“It’s all about me” says your culture. But Paul has reminded you that whether you live or whether you die, you are the Lord’s. In Romans 14:9-12 he connects Christ’s lordship with his dying and living.
You might expect the reverse order: Christ lived here on earth as the Messiah, then died for my sins. But Paul’s focus is on the death of Christ and on the life that flows out of the resurrection of the Redeemer. Because he entered the realm of the dead– and emerged triumphant–he established his supremacy over this realm. His lordship here assures you that even when your life comes to an end you do not escape his loving care. Christ is Lord of the living. After he died for your sins, he lived! His Lordship extends to every area of your life, including your attitude towards fellow believers and their practices.
John Calvin comments: “Christ claims this power over us, since he has obtained it by so great a price; for by undergoing death for our salvation, he has acquired authority over us which cannot be destroyed by death, and by rising again, he has received our whole life as his peculiar property. He has then by his death and resurrection deserved that we should, in death as well as in life, advance the glory of his name.”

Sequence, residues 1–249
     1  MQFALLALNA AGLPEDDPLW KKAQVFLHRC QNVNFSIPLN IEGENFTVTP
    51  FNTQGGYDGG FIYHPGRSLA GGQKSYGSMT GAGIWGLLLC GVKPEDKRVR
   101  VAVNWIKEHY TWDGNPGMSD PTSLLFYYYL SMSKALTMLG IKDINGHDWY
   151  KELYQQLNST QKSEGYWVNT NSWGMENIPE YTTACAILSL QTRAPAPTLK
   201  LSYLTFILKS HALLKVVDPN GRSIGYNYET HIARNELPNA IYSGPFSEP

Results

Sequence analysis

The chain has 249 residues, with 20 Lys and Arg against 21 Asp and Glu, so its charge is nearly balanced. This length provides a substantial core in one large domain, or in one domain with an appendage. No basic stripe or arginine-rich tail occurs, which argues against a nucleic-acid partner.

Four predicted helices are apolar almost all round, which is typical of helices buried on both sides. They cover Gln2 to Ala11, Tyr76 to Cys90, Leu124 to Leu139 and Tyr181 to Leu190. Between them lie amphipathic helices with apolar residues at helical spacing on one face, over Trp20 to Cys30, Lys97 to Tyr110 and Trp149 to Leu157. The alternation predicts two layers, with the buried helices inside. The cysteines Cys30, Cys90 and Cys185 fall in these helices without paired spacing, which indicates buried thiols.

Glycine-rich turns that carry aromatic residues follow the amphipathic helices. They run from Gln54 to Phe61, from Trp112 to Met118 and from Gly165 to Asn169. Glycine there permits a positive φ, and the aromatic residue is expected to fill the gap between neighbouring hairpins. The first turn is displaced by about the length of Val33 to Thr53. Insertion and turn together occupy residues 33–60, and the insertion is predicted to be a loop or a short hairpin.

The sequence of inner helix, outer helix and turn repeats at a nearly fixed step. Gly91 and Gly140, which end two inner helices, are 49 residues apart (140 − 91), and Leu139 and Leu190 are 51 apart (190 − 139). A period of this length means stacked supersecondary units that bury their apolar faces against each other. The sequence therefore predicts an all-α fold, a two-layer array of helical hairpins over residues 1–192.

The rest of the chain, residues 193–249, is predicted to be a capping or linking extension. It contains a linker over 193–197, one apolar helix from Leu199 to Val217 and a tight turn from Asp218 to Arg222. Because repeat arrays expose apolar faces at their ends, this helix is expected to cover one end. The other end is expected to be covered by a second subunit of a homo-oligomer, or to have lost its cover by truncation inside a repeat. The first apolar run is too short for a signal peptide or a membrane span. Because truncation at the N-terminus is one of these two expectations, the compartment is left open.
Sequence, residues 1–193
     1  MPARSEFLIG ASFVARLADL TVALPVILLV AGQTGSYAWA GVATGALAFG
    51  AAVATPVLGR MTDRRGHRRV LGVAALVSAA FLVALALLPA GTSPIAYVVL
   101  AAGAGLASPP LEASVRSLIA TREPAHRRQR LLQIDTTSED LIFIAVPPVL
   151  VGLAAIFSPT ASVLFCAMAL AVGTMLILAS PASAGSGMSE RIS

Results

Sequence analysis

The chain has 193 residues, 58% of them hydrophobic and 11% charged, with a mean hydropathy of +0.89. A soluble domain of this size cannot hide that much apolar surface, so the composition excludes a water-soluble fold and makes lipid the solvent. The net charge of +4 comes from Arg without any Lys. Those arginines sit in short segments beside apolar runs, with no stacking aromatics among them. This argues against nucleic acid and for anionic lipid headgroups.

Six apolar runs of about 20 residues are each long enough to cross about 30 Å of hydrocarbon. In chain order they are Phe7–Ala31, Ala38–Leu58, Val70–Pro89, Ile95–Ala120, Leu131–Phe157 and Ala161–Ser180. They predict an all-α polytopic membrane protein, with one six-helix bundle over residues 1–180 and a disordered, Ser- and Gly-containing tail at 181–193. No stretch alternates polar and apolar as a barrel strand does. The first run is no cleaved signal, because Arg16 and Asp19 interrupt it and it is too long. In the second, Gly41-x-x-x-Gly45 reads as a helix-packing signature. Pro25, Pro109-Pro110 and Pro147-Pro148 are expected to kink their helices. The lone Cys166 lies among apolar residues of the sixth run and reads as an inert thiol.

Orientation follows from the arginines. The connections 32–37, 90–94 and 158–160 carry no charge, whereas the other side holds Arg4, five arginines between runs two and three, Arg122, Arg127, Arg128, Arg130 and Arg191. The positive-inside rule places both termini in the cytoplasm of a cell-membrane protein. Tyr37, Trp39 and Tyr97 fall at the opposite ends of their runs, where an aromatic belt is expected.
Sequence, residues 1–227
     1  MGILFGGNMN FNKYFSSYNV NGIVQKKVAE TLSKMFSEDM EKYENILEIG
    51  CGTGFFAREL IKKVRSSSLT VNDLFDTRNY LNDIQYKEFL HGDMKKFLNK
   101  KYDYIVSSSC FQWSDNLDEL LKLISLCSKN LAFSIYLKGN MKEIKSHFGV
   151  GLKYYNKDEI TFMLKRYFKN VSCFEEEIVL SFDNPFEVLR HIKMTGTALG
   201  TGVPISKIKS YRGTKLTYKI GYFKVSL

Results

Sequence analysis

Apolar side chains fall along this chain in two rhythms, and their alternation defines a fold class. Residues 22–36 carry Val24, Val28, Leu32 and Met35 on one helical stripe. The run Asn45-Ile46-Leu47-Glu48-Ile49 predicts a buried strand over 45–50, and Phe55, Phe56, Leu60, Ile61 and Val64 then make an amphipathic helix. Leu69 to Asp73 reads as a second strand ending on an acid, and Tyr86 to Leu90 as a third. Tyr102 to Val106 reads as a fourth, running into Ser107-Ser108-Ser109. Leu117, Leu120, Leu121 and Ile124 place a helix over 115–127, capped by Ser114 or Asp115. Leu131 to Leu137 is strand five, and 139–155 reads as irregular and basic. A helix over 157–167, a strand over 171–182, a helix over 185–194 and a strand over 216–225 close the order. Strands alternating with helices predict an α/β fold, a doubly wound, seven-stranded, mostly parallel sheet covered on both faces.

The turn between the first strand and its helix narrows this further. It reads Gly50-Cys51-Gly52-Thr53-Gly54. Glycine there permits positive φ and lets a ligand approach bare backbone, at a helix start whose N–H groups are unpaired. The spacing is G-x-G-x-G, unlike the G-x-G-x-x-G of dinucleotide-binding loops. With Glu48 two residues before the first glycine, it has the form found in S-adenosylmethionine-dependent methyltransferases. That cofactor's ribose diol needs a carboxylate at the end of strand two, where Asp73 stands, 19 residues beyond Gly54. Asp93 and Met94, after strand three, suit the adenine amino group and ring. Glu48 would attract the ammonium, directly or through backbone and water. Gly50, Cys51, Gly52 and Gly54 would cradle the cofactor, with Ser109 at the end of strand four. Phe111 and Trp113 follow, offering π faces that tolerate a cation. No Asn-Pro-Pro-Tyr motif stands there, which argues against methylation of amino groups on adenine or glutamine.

Paul uses the language of Isaiah 45:23 to indicate the certainty and the sweep of Christ’s universal reign. You cannot exclude any area of your life from his rule. Every knee bowing points to the final judgment, to the day when, as Paul says, “each of us will give an account of himself to God.” Believers, as well as unbelievers, will stand before God in the last day.
Although you are never saved on the basis of your works (the gospel hangs or falls on that distinction), your works do enter into judgment because the God who justifies you also sanctifies you. You cannot separate the two. Because of God’s work in you he can say to you in that day: “Well done, good and faithful servant.”
(in preparation for a message on Sept. 4, 2011)